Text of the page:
Lifestyle & Culture

5 Beer Brands That Give Back

Five brands that believe beer is best served with a side of charitable giving.

07.04.2020 | by Christy Romer
Photo by Elevate on Unsplash
Photo by Elevate on Unsplash

Today on a National Beer Day like no other, nations across the globe are on lockdown. Meaning no after-work pints at the pub or beers in the sun with mates. 

Sad, but still, it’s the perfect time to responsibly sip a solitary brew or share virtual cheers with pals over video chat. And why not support some good causes while you’re at it.

Check out five beer brands that taste good, look great, and do wonders for society.


Toast Ale


Photo of Toast Ale

Photo on Toast Ale’s LinkedIn


Toast Ale is a brand that brews beer from surplus bread. When he set up the company, Tristam Stuart challenged the market to put him out of business by eliminating food waste.

Toast Ale collects leftover bread from businesses, restaurants and hotels in the UK and incorporates it into the brewing process with hops, water, yeast and barley.

The social enterprise then donates all of its profits to FeedBack, a British charity (also founded by Stuart) committed to combating food poverty and wastage at each end of the food production process.

This month, Toast Ale announced that it would be donating all profits from its online shop to support community feeding projects for the next 12 weeks.

“To put it simply, 1 beer = 1 meal,” Toast Ale said.




Brewdog beer

Photo by Brewdog


Punk IPA. Elvis Juice. Clockwork Tangerine. Brewdog’s beers are so well-known, the Queen of England has even begun coordinating her outfits with her favourite brews.**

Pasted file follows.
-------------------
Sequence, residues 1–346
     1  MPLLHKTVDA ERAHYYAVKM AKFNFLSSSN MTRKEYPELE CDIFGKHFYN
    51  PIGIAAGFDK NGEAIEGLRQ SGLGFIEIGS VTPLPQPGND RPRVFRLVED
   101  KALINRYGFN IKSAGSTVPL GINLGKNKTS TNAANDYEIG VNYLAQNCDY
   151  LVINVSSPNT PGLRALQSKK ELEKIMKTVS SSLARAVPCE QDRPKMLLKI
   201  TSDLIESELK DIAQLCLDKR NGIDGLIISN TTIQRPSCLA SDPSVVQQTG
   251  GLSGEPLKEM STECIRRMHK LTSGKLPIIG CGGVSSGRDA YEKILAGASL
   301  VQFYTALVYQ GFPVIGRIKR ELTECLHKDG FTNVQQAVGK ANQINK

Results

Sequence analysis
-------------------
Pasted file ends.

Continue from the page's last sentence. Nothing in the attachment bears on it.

Since 2007, the company has also donated a donation of its profits to charities chosen by employees through the Brewdog Foundation.

Last month, to combat COVID-19, Brewdog announced it would make hand sanitiser in its distillery and give it away for free to charities and hospitals in the local Aberdeen area.

Founder James Watt said 100,000 bottles had been distributed to local and major charities and children’s charities in Aberlour.

The company is working with a local hospital to ensure its gel meets necessary medical standards.

**A royal, but fun, lie. We think.





Photo by Brewgooder


Brewgooder is “the craft beer on a mission to bring clean water to 1 million people.” Since being set up in 2016, the company has helped to fund over 132+ projects for 64,748+ people in Malawi by donating 100 percent of its profits to clean water charities.

Brewgooder is helped out by Brewdog, who brews its beer at zero margin.

The company also recently launched ‘One on Us’, an initiative to donate a round of drinks and a message of support to an NHS champion. Each £6 ($7.40) donation covers the cost of brewing, packing and delivering a 4 pack of beer or Karma Cola, with a message included, to an NHS employee.

It has so far reached 3,000 NHS employees through the campaign.


Metazoa Brewing Co.


Photo of Metazoa Beer

Photo by Metazoa Brewing Co.


Metzoa beers are for animal lovers. Their tap room and brewery are pet-friendly. They put on dog yoga classes every week.

And 5% of all profits go to animal and wildlife organisations.

The Indianapolis Brewery recently hit $100,000 in donations, less than four years after opening, by selling brews like “Puppy Slumber Party” and “Off the Leash”.

Supported charities include Red Wolf Sanctuary, Save the Chimps, and Prison Greyhounds.

“Drink beer. Help Animals,” the company says. “Every day is a fundraiser for us.”




Finnegans, beer

Photo by Finnegans


Minneapolis brewery Finnegans has always been about great Irish beers and giving back.

Company head Jacquie Berglund has spent two decades distributing 100% of the profits from the beer business to projects that tackle poverty and hunger.

Their flagship programme? The Reverse Food Truck, which punters can call, just like any other food truck, and ‘order’ monetary or food donations to local families in need.

It also runs the Finnovation Lab, which supports local business — like Junita’s Jar, which uses cookies to eradicate domestic violence.

“I’m a basic needs gal,” Berglund tells Freethink magazine, “We live in the wealthiest country in the world. It’s a crime that people can’t meet their basic needs.”

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Tristram Stuart


James Watt


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